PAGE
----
Iggy Pop’s Totally Bonkers Contract Rider for Concerts

Photo by Man Alive!, via Wikimedia Commons

“There’s only a couple of people I’ve felt genuinely frightened taking photos in front of live because the person is out of control,” says Manchester-based rock photographer Kevin Cummins. The first was Joy Division’s Ian Curtis, “and Iggy Pop was another.” Iggy’s onstage mania rivals any lead singer, living or dead. The intimidating Henry Rollins tells a story about his one and only attempt to upstage his idol. He describes Iggy as “two guys. There’s Jim (Jim Osterberg)—‘Hey, my name’s Jim, good to meet you, man, how are you?’ And then there’s Iggy Pop,” Rollins says, and does an impression of a seething madman. “Jim is cool. Iggy is like this terrifying monster of rock and roll.”

You’ve probably heard the stories of those early Stooges gigs. Smearing himself with peanut butter, cutting himself open with broken glass and leaping into the audience long before stage-diving was something people did. We’ve also heard a lot more from Jim these days: shirtless, but “lucid, intelligent,” and displaying excellent recall in his interview with Marc Maron in the comedian’s garage; mostly clothed, bespectacled, and professorial in his delivery of the BBC’s 2014 John Peel Lecture.

In interviews and on his radio show, including a recent two-hour Bowie tribute, he is witty, gregarious, and sometimes wistful. But Iggy’s still pretty terrifying onstage even into his elder-statesman-hood. Witness the stage plan drawn up in 2006 by Jos Grain, production manager for the 21st-century touring version of Iggy and The Stooges.

we like to keep it as clear as possible, especially at the front.

This means all cables for the downstage wedges etc must be run off the front in the pit, not accross the front of the stage.

My insurance doesn’t cover me for allowing rockstars to fall off the front of the stage.

No lighting or monitor cables, no power cables, no toy robots, no television evangelists, no television cameramen, no substances related to the manufacture of creosote, no plastic seahorses, no bailiwicks, no crepescules, no kooks and especially NO CAMERAMEN.

This way Iggy can run around in his customary manner like a crazed running around-type-thing and we can all relax in a haze of self-satisfied panic. [all sic]

This excerpt comes from the savagely funny, and totally bonkers, text of Grain’s “Marvelous and Most Instructive Information Document: Including Utterly Confusing Comments and Asides”— otherwise known as the contract rider, the specifications detailing the band’s requirements. “When you’re as legendary as Iggy Pop,” writes Luka Osbourne at Enmore Audio, “you tend to get away with a lot.”

Grain’s rider—a hilarious write-up prone to profane fugue states full of jarring non-sequiturs and riotous asides—pushes the genre as far as it can go. “If there was a Grammy for ‘best contract rider,’ writes Brian Mackay at the Springfield, Illinois State Journal-Register, “Iggy and the Stooges would retire the category.” A note about a guitar rack suddenly swerves into the following reverie:

Horse v Panda? I think the panda might just win it if he managed to get on the horse’s back and sink his teeth and claws into its neck. Without getting kicked in the bollocks, of course. Two hooves in a Panda’s gonads would probably bring victory to the horse, though I doubt it would celebrate much. Horses arent big champagne drinkers.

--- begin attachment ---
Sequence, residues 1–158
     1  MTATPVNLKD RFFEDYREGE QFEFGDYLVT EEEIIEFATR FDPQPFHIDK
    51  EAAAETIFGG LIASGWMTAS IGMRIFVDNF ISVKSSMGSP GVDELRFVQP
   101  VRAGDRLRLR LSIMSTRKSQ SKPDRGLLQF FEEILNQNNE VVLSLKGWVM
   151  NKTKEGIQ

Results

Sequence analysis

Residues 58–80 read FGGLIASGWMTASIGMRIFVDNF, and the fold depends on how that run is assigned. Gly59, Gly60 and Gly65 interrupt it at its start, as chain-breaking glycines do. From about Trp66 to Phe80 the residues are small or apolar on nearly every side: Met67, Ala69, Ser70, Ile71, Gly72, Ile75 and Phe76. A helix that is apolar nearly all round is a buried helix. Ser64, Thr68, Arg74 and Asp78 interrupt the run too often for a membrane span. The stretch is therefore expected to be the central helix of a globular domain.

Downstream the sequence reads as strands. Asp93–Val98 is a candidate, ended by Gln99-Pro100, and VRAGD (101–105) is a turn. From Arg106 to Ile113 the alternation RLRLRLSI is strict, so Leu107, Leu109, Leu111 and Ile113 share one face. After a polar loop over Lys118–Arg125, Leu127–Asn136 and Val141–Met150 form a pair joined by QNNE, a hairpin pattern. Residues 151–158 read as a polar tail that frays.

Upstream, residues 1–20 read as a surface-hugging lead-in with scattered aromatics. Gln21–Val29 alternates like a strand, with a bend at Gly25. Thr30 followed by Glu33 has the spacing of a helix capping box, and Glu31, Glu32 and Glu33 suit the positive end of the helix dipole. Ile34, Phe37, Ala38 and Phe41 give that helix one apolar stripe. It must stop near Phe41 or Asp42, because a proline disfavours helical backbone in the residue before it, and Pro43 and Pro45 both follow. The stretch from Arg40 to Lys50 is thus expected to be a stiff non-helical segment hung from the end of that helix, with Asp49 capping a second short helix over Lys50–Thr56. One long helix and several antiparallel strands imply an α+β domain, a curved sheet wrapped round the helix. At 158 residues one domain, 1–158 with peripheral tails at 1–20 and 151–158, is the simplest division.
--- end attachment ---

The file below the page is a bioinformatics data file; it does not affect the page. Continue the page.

And fucking Grand Prix drivers just squirt it all over each other.

The requests get ridiculously specific, but it’s still more or less standard rock star stuff (nothing on the order of Van Halen’s “no brown M&M’s”) …or is it…? When we get down to the requirements for Iggy’s dressing room, Grain asks for:

Somebody dressed as Bob Hope doing fantastic Bob Hope impersonations and telling all those hilarious Bob Hope jokes about golf and Hollywood and Bing Crosby. Oh God, I wish I’d been alive in those days, so that Bob Hope could have come and entertained me in some World War 2 hell-hole before I went off and got shot. What joy they must have experienced…


Seven dwarves, dressed up as those dwarves out of that marvelous Walt Disney film about the woman who goes to sleep for a hundred years after biting a poisoned dwarf, or maybe after pricking her finger on a rather sharp apple… or something. What was the name of that film? Was it Cinderella? Taller people are acceptable, of course. It’s attitude, more than height, that’s important here. Don’t forget the pointy hats!

As for the band’s needs, other references to pandas come up. The bass player needs three Marshall VBA Bass Amplifiers. “Please make sure they’re good ones,” Grain writes, “or we’ll all end up as wormlike web-based life forms in the bass player’s online literary diahorrea. Honestly. He’s like a sort of internet Pepys or Boswell, except without the gout and the syphilis. For all I know.” The Stooges’ bass player, by the way, is punk legend Mike Watt, whose tour diaries really are a species of literary genius.

Sometimes when I get down about the state of rock and roll, I remember that Iggy Pop is still alive and running around shirtless onstage like a lunatic at 71. And I remember this rider exists. Read the whole thing here.

Related Content:

An Animated Marc Maron Recalls Interviewing a Shirtless Iggy Pop in LA Garage

Prof. Iggy Pop Delivers the BBC’s 2014 John Peel Lecture on “Free Music in a Capitalist Society”

Stream Iggy Pop’s Two-Hour Radio Tribute to David Bowie

Josh Jones is a writer and musician based in Durham, NC. Follow him at @jdmagness.

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